Full Name:
    Hi All,

    Does anybody have any idea what value the diode in the Headlamp motor is?

    Tried searching but no doubt its on the forum somewhere,
    All help greatly appreciated.

    Many thanks
  14. Steve Magnusson

    Steve Magnusson F1 World Champ
    Lifetime Rossa

    Jan 11, 2001
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    Steve Magnusson
    #11 Steve Magnusson, Jul 10, 2009
    Last edited: Jul 10, 2009
    See point 10 in Drew's post #3 in this thread for Ric Rainbolt's prior recommendation.
  15. Paul_308

    Paul_308 Formula 3

    Mar 12, 2004
    Read Drew's good writeup or the Theory of Operation below
    I just posted this in the 400 forum -

    Diodes are power not signal diodes. Diode characteristics are NOT critical
    Use 1N4001 diodes or equiv.
    1N400x series diodes are all 1A forward current. but the last number is Peak Inverse Voltage.
    Bigger numbers mean higher PIV and lower reliability - 1N4002=100V is OK. Going overboard -1N4007=1000v is not.

    Theory of Operation
    A set of contacts w/diodes at the lift motor detects when the headlight lift assembly is fully up or fully down.
    If not, contacts sends this low level information to a related relay coil which sends voltage to the headlight motor.
    The diodes allow some common wires side-side while isolating one side from the other.
    The only current involved in the detection circuit is a very low relay coil current.
    These diodes rarely go bad as this circuit which places low demand on the diodes.
    For any of them to go bad relates more to the vibration environment than the electrical environment.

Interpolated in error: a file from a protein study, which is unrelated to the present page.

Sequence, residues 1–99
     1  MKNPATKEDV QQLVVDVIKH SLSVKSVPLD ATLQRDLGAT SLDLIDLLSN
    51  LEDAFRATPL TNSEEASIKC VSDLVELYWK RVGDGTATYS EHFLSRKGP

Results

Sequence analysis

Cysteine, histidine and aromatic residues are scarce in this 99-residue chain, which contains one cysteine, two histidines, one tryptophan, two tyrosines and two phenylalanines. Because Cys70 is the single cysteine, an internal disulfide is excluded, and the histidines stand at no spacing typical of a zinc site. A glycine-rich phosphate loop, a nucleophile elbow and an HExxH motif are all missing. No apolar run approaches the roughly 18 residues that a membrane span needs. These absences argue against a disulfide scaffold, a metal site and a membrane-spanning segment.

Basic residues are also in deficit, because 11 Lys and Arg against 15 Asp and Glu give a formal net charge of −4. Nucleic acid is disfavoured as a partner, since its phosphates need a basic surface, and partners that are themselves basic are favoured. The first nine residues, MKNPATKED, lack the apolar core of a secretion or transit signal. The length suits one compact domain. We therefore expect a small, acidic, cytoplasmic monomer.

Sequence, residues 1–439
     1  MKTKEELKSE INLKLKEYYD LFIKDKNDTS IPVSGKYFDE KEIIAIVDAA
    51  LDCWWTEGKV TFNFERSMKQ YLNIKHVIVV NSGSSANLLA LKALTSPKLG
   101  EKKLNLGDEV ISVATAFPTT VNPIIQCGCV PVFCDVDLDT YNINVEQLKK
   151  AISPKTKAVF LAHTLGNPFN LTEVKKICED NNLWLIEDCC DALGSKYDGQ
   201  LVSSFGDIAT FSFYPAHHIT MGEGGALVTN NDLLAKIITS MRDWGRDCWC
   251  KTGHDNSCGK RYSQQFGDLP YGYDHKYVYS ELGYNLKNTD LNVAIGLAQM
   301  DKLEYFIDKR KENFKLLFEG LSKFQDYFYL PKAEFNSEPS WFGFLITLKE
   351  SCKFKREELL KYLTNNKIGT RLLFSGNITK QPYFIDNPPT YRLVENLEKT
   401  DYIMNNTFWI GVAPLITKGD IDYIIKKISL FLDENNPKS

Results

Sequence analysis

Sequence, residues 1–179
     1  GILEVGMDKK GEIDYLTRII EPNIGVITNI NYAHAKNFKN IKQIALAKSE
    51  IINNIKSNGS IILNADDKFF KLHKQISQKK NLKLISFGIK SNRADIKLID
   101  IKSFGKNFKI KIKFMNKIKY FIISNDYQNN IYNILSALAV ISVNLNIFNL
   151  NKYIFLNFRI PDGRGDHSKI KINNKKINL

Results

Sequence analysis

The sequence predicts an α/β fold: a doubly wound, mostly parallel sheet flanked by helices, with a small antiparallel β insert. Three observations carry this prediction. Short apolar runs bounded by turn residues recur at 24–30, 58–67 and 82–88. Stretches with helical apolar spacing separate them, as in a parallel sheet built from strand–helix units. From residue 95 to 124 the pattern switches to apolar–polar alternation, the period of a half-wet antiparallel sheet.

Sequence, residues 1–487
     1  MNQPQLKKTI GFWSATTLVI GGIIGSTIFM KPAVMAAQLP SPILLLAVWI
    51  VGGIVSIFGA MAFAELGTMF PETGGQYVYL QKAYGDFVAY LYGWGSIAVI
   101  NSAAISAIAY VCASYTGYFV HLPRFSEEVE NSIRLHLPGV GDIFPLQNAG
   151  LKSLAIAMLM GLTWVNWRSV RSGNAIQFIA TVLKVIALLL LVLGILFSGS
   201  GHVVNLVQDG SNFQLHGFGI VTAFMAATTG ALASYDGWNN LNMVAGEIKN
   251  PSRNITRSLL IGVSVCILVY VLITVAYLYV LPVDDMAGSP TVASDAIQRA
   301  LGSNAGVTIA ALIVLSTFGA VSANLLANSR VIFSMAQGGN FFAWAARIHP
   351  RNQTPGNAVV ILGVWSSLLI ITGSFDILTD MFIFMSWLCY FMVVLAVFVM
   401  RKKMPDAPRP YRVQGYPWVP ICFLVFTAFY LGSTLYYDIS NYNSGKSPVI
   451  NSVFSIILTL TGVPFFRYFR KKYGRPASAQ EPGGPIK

If one diode does go bad, there is no reason to replace any others.

    Virtually all Ferrari movable headlights in from 1970 to 2000 use this same circuit and components.

    Reply With Quote
  16. Pantera1523

    Pantera1523 Formula Junior

    Mar 17, 2004
    Full Name:
    Scott Carpenter
    Ok so I just got back from a 400 mile drive and have problem with my headlights...

    The drivers side light seems to only want to be in the half open position. If I turn the lights on at the stalk both will raise, the passenger one will stay up. The drivers side one will close (from a partially open position) then open all the way and then come to rest back in the partially open position. The headlight is on so I have that going for me...

    I should mention here that when I first looked into the headlight motor area there was a black wire that had come loose. I assume it was a ground wire so I reattached it to the open spade connector that I found in the vicinity.

    Using the above steps I got as far as turning on the lights then turning the knob on the motor to see if I can raise the light into the proper position. This started to work but then I must have hit a limit somewhere and it quickly raised and lowered on its own scaring the bejeesus out of me. ;)

    So my question is this.. do I have a diode problem as described above? Or is mine just somehow out of alignment and it needs to be reset somehow?

  17. Pantera1523

    Pantera1523 Formula Junior

    Mar 17, 2004
    Full Name:
    Scott Carpenter
    #14 Pantera1523, May 6, 2010
    Last edited by a moderator: Sep 7, 2017
  18. spiderscott

    spiderscott Formula 3

    Feb 24, 2004
    Ratarossa HQ UK
    Full Name:
    Hi all, I have a strange problem with my LHS headlight motor on a 355. Don't think its any of the above symptoms.

    When I turn the lights on the RHS pops up normal, but the hand turnable wheel on top off the LHS motor just spins fast i.e the motor is spinning up trying to life the headlight. if I then give the headlight assy a helping hand and start to assist lifting, the motor bits and completes the lift, turn it off and on again and it does exactly the same.

    Im suspecting possibly a worn gear inside with tooth missing ?

    My question is, can and if so how can you get into these things and take a look at the workings ? I took two allen bolts out that I could see under the mass of grey protecting paint but could not figure any further how to split the assy apart ?
  19. Qavion

    Qavion F1 Rookie
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    Feb 20, 2015
    Full Name:
    Ian Riddell